The Wolves are now five games into their post-Al Jefferson voyage; and, no surprise, the cosmic seas are a little rough. Much of the time (particularly in Friday's unwatchable home loss to Indiana) they've looked as lost as you might expect: uneasy and skittish on offense and game but undersized and overmatched on D. But occasionally--the second half of their surprising win over Miami last Wednesday or, even more surprisingly, for much of Sunday's intensely entertaining loss to the Lakers--they've played the frenetic, wide open style that will have to be their hallmark if they want to keep things from getting nightmarish. Arc of a Journey
More than any player I've ever watched, Rodney Carney lives in that tenuous threshold between blooper and highlight. Against LA, between bobbling passes, dribbling off of his foot and falling over without warning or evident cause, Hot Rod managed to do some fairly inspiring things, most of which involved jumping very high. The most unbelievable: with about seven minutes left in the game and the Wolves ahead by a point, Kobe B. Bryant, seemingly on the verge of entering one of his cold, game-transcending rages, set about to abusing Randy Foye on the high block. He shook right, then pivoted into the lane where he elevated for that impeccably soft, fading ten footer he almost always hits.
And it looked like he was going to stick this one too until Hot Rod, fresh off rejecting Trevor Ariza's jumper the previous possession (impressive in its own right), floated in from, basically, offscreen and swatted the shot at the height of its arc, probably 12 feet off the floor and at least five feet feet away from where Bean released it. In recent days, Kobe himself articulated that classic NBA archetype, the blocked shot as act of cruelty. But this was so much gentler and more languid, just an extension of Rodney's general state of flotation, as if he were just helpfully guiding the ball somewhere new. Like every great thing he does, it was both electrifying and fast and almost accidental.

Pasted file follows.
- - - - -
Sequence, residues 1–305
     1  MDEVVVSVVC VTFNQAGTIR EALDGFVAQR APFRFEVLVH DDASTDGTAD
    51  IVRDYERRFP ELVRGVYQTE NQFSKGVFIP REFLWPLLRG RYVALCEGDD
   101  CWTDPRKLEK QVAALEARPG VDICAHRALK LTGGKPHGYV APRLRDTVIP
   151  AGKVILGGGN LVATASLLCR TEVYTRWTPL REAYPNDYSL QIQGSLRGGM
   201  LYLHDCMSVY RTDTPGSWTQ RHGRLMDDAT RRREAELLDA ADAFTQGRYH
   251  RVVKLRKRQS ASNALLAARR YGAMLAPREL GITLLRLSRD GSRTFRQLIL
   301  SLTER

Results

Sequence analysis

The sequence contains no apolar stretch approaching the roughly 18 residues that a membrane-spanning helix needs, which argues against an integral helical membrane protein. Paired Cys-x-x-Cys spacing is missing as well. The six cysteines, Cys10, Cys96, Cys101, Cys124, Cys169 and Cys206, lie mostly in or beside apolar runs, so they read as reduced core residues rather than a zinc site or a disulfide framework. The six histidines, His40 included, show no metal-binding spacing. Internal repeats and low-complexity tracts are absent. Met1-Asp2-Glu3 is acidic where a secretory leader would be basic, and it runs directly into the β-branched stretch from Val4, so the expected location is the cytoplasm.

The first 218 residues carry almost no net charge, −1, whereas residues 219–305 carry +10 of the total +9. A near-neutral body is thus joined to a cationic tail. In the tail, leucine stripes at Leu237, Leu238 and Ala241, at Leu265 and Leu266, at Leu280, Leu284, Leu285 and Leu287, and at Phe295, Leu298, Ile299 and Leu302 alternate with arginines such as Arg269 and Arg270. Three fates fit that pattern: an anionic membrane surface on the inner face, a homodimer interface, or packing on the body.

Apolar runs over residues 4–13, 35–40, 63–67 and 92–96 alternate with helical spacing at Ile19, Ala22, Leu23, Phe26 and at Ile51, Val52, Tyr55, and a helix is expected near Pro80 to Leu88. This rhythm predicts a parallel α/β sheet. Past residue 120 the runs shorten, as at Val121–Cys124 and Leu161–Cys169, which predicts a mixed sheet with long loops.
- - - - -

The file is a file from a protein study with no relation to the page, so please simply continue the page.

With their fierce, ball-hawking double-teams (spearheaded by Mr. Carney) the Wolves kept Kobe frustrated and off-balance for most of the second half. And they translated that scrappy D into some fluid, attacking offensive basketball. Aided early by some less than playoff-level defensive intensity on the Lakers' part, the Wolves did exactly what Kevin McHale has been insisting they do since Big Al went down: they raced the floor. When they couldn't score in transition, they attacked the Lakers' ball pressure with dribble penetration and then kicked the ball outside, facilitating sharp, inside-out and cross-court ball movement.
Other People's Lives
Of course, once you've created an open look, the problem of hitting it remains. Even before Jefferson went down, the Wolves were, at best, streaky shooters. Now that he's gone they're forced to rely on their erratic crew of jumpshooters to step up their games. Ryan Gomes and Sebastian Telfair are both players who are aware of their offensive weaknesses. Neither are tremendous shooters off the dribble, but both have taken it on themselves to fill the vacuum and create more offense for themselves (it's one of the few times when looking for your own shot can legitimately be viewed as a selfless act).
Unfortunately, Mike Miller, the team's one truly great shooter, hasn't caught the same bug. Miller continues to pass up open shots, choosing instead to drive and kick, a situation that occasionally results in a layup for a teammate, but just as often creates a chaos of turnovers and forced shots. Let's get it straight: Mike Miller is a fine passer but he simply doesn't have the playmaker's instincts or gifts. When he's shooting the ball, he's (no joke) one of the most sublime athletes in the world. In this new, self-chosen role, though, he seems awkwardly out of place, a little heavy-footed, a little out of control.